It has been proven that Dyslexic people can visualise from multiple perspectives, making them stronger in fields such as Architecture, design and construction. However we may question is it that dyslexics excel in the creative fields, or is it that they struggle to find enjoyment in subjects which rely on literacy skills and there for are more willing to put time and practise into creative subjects? And can these enhanced creative abilities be seen as simply mitigating from the written word?
Chapter 2; The Creative Design Process
What is creativity?
Design can be described as one of the most creative of human pursuits. The definition of creativity could be considered ambiguous appearing in many forms other than design, including music creation, fine arts and sculpture, to name but a few. It can be applied to varying career paths. When considering the term creativity in a design field the designer has a number of expectations to fulfill. These include solving problems that are not their own, fulfilling the needs of others, whilst creating visually beautiful outcomes. Herman Hertzberger, architect, relays this when he describes what he sees as his definition of creativity within architecture:
â€œ For me creativity is, you know, finding solutions for all these things that are contrary, and the wrong type of creativity is that you just forget that sometimes there are many people, and you just make beautiful stairs from the one idea you have in your head. This is not creativity, this is fake creativity.â€? (cited in Lawson 1994a:153)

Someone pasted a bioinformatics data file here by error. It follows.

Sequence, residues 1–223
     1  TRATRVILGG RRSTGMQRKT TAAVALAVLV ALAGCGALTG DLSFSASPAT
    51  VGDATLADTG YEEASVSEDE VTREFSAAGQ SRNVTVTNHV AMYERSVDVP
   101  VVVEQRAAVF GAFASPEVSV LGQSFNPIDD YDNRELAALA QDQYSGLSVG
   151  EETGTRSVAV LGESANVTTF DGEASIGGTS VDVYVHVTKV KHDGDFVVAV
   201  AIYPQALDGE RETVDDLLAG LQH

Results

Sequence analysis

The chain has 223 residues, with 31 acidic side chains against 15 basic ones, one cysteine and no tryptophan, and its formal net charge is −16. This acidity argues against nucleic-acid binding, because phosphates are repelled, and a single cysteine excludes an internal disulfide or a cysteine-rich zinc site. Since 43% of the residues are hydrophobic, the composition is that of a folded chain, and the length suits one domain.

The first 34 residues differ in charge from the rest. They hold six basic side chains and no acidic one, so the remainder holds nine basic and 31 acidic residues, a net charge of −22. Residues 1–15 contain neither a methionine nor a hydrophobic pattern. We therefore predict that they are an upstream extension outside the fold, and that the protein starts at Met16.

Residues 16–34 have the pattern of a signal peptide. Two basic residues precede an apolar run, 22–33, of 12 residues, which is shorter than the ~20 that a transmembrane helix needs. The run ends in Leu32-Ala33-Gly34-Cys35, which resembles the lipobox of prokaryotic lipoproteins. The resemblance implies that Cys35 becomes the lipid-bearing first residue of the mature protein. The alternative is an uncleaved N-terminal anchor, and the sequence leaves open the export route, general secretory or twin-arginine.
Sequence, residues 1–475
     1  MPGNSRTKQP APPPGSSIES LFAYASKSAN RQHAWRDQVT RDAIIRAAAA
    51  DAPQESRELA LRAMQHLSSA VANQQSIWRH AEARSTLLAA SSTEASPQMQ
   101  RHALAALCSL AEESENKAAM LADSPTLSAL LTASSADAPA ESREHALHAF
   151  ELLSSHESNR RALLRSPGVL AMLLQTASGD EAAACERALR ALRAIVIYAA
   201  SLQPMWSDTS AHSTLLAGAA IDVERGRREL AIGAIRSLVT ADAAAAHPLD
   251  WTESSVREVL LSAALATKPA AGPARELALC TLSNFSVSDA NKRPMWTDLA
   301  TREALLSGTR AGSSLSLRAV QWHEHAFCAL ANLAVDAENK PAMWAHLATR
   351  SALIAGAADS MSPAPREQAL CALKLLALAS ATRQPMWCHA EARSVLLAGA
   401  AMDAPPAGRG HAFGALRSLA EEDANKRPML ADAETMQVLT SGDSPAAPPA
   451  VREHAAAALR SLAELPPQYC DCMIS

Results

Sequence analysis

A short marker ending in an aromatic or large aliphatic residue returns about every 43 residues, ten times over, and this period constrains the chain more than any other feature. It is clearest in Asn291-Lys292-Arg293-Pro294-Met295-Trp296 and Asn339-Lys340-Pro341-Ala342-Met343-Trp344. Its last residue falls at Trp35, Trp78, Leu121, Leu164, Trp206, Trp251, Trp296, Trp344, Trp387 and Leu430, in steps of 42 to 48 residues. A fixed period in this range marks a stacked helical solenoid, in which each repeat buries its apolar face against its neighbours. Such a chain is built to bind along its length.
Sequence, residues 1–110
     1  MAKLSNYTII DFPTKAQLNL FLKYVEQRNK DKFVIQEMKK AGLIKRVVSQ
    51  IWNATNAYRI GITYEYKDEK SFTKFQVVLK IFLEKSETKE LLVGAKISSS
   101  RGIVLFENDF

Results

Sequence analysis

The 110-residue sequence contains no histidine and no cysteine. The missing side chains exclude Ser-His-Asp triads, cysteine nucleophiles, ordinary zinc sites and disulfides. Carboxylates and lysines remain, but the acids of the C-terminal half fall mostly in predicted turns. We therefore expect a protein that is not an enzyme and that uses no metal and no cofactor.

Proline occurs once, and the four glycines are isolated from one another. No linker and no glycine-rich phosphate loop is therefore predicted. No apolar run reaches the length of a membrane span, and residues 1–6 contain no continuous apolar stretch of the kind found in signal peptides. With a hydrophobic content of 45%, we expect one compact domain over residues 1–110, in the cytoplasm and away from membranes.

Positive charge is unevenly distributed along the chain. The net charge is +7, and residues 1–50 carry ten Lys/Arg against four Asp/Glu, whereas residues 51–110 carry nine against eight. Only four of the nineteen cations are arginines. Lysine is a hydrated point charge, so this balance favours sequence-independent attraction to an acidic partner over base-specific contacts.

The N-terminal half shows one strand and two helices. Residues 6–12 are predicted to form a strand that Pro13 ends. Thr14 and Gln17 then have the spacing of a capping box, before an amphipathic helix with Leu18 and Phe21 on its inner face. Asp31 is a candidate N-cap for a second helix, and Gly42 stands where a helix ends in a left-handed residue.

How can Dyslexia Change the Creative Design Process?
Below I list the different stages of the design process. At each one, considering how the stage might be different for a dyslexic designer as opposed to a non-dyslexic one, using the characteristics of dyslexia described in Chapter 1. + Discover, Research Into The Problem; Most projects begin with researching as it allows a designer to gain a thorough understanding of a subject area, problem or issue. It is however the first hurdle in the design process that dyslexics may find problematic. Most secondary research methods consist of analysing books or online resources, absorbing information so that it can then be applied to the design problem. Absorbing this type of information can be difficult for a dyslexic designer as their reading speed is considerably slower, and they find it harder to scan read so may end up finding themselves reading bodies of text which are not directly relevant. This lack of efficiency might increase the time that the research process takes, meaning that working speed might be slower for a dyslexic designer than their non-dyslexic counterpart at this stage. As Dyslexics think more visually it is likely that they will watch films or Youtube videos at this stage rather than scan through books or heavily worded websites. This was recognized by a dyslexic participant in the interview discussed in chapter 3: 11